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Articles Tagged:

crowdfunding

105

[Weekend Poll] Have You Ever Pledged Money To A Technology Crowdfunding Campaign?

This weekend's question isn't explicitly about Android or even smartphones, but it is something highly relevant to most of us who follow technology: crowdfunding! Now, whatever your feelings on crowdfunding may be (I'm not a fan!), perhaps you've ventured a little cash on one at some point or another. We have covered many, many Kickstarters and Indiegogo projects on Android Police, so it'll be interesting to see just how many of you have actually pledged to a campaign.

Today's poll is just about technology crowdfunding, though, primarily because there's also a huge art funding scene out there on Kickstarter, Indiegogo, and other sites, so I'd prefer to limit our results to people expecting actual tech products or services as opposed to content or other sorts of things that end up on these sites in droves.

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51

$15 SALT Card Promising 'Keyless Entry For Your Phone' Reaches $50k Kickstarter Funding Goal

Re-entering PINs or patterns to unlock a smartphone several hundred times a day is a mind-numbing process, so it comes as no surprise that a couple thousand people have rallied behind a way to prevent them from having to do so. SALT is a Bluetooth-connected card that goes into your wallet and, as long as it's in range, saves you from having to interact with a lockscreen. Once it's not in reach, the lockscreen returns. The project wanted $50,000 to bring this product to life, and it's reached that goal with ten days to spare.

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The concept behind SALT isn't revolutionary.

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23

MOTA SmartRing Reaches $100k Funding Goal, But It Only Sells Little More Than 1,000 Rings

The MOTA SmartRing has reached its $100,000 funding goal on Indiegogo, so the leagues of people who pledged support for this Bluetooth-connected notification ring can now look forward to receiving their finished product in the spring of next year. And by leagues of people, we mean roughly thirteen hundred, of which around a hundred folks just want T-shirts. A thousand people said they were willing to pay at least $60 to own one of these snazzy rings, which isn't much when we're talking about hardware.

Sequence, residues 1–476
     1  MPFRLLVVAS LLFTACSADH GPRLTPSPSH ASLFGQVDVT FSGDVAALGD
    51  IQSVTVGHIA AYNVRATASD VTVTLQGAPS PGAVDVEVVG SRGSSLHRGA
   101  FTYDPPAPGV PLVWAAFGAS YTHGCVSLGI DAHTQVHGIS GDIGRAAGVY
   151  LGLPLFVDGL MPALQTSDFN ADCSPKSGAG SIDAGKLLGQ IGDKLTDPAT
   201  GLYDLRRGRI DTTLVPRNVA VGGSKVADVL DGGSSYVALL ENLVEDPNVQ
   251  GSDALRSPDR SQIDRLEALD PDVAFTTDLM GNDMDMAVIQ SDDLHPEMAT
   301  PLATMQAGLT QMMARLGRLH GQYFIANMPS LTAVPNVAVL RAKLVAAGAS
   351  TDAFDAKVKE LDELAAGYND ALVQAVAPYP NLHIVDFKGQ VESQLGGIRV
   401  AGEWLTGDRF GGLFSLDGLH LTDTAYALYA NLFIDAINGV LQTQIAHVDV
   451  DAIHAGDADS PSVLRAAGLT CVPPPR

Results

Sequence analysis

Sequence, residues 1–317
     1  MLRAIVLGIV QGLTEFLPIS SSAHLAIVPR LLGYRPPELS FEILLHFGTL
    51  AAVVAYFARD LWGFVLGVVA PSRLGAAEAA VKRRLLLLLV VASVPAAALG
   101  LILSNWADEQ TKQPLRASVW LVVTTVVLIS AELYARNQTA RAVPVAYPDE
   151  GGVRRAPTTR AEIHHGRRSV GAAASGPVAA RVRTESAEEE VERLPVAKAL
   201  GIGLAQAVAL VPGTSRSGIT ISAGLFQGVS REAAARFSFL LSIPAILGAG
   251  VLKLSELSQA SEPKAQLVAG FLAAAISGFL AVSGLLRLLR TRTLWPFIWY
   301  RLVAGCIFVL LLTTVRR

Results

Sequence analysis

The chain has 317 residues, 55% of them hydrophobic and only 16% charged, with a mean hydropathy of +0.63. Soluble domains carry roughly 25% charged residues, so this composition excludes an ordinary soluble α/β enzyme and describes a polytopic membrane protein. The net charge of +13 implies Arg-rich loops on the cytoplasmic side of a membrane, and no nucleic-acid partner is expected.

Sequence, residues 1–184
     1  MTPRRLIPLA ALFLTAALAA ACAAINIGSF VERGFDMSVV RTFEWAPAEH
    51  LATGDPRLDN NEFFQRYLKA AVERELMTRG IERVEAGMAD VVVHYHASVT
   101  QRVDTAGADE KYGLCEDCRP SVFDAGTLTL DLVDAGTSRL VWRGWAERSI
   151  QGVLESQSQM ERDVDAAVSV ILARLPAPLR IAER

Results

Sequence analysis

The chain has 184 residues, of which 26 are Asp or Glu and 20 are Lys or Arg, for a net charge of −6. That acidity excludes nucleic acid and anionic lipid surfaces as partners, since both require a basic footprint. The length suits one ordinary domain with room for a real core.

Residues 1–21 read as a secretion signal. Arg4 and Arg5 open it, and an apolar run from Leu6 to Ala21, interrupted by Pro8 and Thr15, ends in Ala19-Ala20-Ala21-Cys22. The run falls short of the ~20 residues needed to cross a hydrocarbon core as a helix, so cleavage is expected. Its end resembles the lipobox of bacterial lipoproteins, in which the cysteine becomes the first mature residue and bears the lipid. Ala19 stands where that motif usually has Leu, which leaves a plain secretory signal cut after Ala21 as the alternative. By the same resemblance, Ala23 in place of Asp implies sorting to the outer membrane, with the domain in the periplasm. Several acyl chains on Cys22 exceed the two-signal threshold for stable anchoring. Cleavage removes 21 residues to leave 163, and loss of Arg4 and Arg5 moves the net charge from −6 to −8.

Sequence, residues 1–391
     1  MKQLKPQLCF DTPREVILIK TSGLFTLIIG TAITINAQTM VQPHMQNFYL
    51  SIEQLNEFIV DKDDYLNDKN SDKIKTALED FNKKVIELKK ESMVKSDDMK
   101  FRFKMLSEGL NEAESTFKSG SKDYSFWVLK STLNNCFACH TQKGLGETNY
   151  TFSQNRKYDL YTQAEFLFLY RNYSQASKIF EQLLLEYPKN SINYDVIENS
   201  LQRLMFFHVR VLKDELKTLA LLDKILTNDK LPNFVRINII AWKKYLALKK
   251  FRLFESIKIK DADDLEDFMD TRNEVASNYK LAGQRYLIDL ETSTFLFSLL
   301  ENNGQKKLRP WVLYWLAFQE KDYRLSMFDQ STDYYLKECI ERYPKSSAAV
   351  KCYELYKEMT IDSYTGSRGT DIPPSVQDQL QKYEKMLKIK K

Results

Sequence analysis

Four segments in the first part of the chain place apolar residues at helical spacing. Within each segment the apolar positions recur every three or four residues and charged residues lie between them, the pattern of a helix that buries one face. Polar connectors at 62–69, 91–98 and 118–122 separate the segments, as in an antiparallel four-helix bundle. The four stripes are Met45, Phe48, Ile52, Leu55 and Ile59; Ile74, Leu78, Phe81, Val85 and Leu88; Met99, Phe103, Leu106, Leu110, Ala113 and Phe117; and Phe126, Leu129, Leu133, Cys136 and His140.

Pebble's Kickstarter campaign resulted in close to 70,000 people calling dibs on one. By comparison, the SmartRing appears to have as many pre-orders as a college yearbook.

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161

[#DisruptOverload] The Portal Is Everything Wrong With Smartwatches And Everything Wrong With Crowdfunding At The Same Time

Update: Portal has been removed from IndieGoGo after a patent troll issued a DMCA takedown notice. Organizer and creator Arubixs is fighting back. This should be entertaining.

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Over the past year or so, we've seen project after project overpromise and under-deliver on Kickstarter and Indiegogo. There's a deep and cruel streak of cynicism running through the world of hardware crowdfunding, but you can't say that it's undeserved: look at the travesty that is the Kreyos smartwatch, the disappointment of the iMpulse controller and the Pressy, and almost laughable vaporware like the Smarty Ring, now six months overdue without even a working prototype to show for it.

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24

ODIN Android-Powered Portable Micro Projector Reaches Its $250,000 Kickstarter Goal

If you can put Android into a watch, or a car, or a stove, you can cram it in just about anywhere. And given that last option, placing it into a micro or "pico" projector seems like a pretty good idea. ODIN is a Kickstarter project aiming to do just that, expanding an already flexible gadget by throwing in a little extra electronics and Android for media-focused apps. The Kickstarter campaign passed its $250,000 goal this weekend, and it's got a day and a half left to go.

ODIN combines a lot of easily-accessible mobile hardware to make the most of the small projector.

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31

The Ridiculous Rufus Cuff Smartwatch Meets Its $200,000 Funding Goal, Extends Campaign For A Further 20 Days

Well I'll be gosh-darned. The Rufus Cuff, a super-sized smartwatch-smartphone hybrid powered by Android, has met and surpassed its ambitious $200,000 crowdfunding goal. It appears that at least a thousand people or so are excited enough by the prospect of a gigantic touchscreen wrist communicator to lay their money down. I'm going to assume that at least 800 of them are extremely dedicated Turanga Leela cosplayers.

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The Rufus Cuff is technically a smartwatch, because it relies on a Bluetooth-connected Android device or iPhone for data when not in range of a WiFi network. The creators claim that the Rufus Cuff will run a full version of Android 4.4 on its relatively massive 3-inch screen, and according to the Indiegogo campaign, they'll submit the device for certification and access to the Play Store.

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